Patrick Flanery, author of Absolution: His five favourite books

Patrick Flanery’s literary interests are wide-ranging; he shares his five favourite books and explains why they are so important to him.


Agaat by Marlene van Niekerk


Swann’s Way by Marcel Proust


Invisible Man by Ralph Ellison


Waiting for the Barbarians by J.M. Coetzee


2666 by Roberto Bolano

Absolution by Patrick Flanery book cover

Absolution by Patrick Flanery

Patrick Flanery, Absolution

Author Patrick Flanery

Author Patrick Flanery was born in California, raised in Nebraska and now lives in London, England, but his first novel, Absolution, is set in South Africa. It is a riveting exploration of memory and forgiveness and how perceptions of a single incident can vary so greatly. Flanery’s literary interests are wide-ranging; here, he shares his five favourite books and explains why they are so important to him.

1. 2666, Roberto Bolaño, $23
The late Chilean writer’s unfinished masterpiece is grand, mysterious, at times even confounding. Not only about WWII, journalism, academia, and the serial murders of women in Mexico in the 1990s, it is also about a novelist, and what the novel itself can and perhaps must do: to encompass and reflect the great scope and strangeness of humanity. Ultimately, however, Bolaño’s most potent vision is focused on the horrors of patriarchy and the entrenched misogyny that slashes through the history of western societies.

2. Waiting for the Barbarians, J.M. Coetzee, $20
Set in the remote outpost of an imagined empire, this perennially relevant early novel by the great Nobel Laureate is one of the classics of contemporary literature. A potent allegory of late-apartheid South Africa when it was published in 1980, its relevance to ongoing conflicts around the world remains undimmed. Offering a searing meditation on the corrosive perversions of power and the follies of imperial expansion, it movingly demonstrates the ways in which, through the slippages and failures of language, the national, racial and linguistic stranger so often remains unknowable.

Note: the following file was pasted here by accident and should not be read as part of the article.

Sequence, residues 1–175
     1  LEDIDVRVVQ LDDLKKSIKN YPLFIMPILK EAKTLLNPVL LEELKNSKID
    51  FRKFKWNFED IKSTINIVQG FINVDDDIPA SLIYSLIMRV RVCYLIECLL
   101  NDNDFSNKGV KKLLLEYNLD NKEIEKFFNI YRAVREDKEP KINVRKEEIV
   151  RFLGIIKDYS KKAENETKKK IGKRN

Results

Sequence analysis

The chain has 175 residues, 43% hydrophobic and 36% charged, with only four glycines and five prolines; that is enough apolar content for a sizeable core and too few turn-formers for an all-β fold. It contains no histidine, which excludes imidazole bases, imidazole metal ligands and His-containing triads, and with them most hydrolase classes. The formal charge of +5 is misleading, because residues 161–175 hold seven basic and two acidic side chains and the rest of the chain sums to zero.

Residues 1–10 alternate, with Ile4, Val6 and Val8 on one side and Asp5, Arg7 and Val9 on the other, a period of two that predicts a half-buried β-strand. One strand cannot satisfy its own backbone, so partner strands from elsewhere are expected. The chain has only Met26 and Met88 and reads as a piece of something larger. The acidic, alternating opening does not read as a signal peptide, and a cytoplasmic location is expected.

3. Invisible Man, Ralph Ellison, $18
The only novel Ellison published in his lifetime is a staggering portrait of African-American experience in the first half of the 20th century, and a magisterial exploration of the limits and possibilities of literary form and voice. It is also a great and moving story of one man’s search for his place in the world. By turns haunting, hilarious, and tragic, it remains one of the most insightful and ambivalent dissections of race, ideology and the American dream.

4. Swann’s Way, Marcel Proust, $17
A work of memory and melancholy, of grand passions and jealousies, the first installment of the seven-volume In Search of Lost Time is also one of the most poignant novels of childhood. Something transformative happens in the course of reading Proust’s famously long sentences: time itself seems to slow and expand as this narrative of class, love and society teaches the reader how it must be read — afloat, on a tide of language.

5. Agaat, Marlene van Niekerk, $30
Originally published in Afrikaans, Agaat is an epic novel of place and race: in this case, South Africa in the second half of the 20th century. Masterfully projecting the crises of apartheid onto the canvas of one farm, the novel charts the torturous, slow-burning relationship that plays out over a lifetime between the farm owner, Milla de Wet, and her servant and caregiver, Agaat. Unquestionably the most important and urgent writer working in South Africa today, Van Niekerk is a giant of world literature. If you read one book on this list, make it Agaat.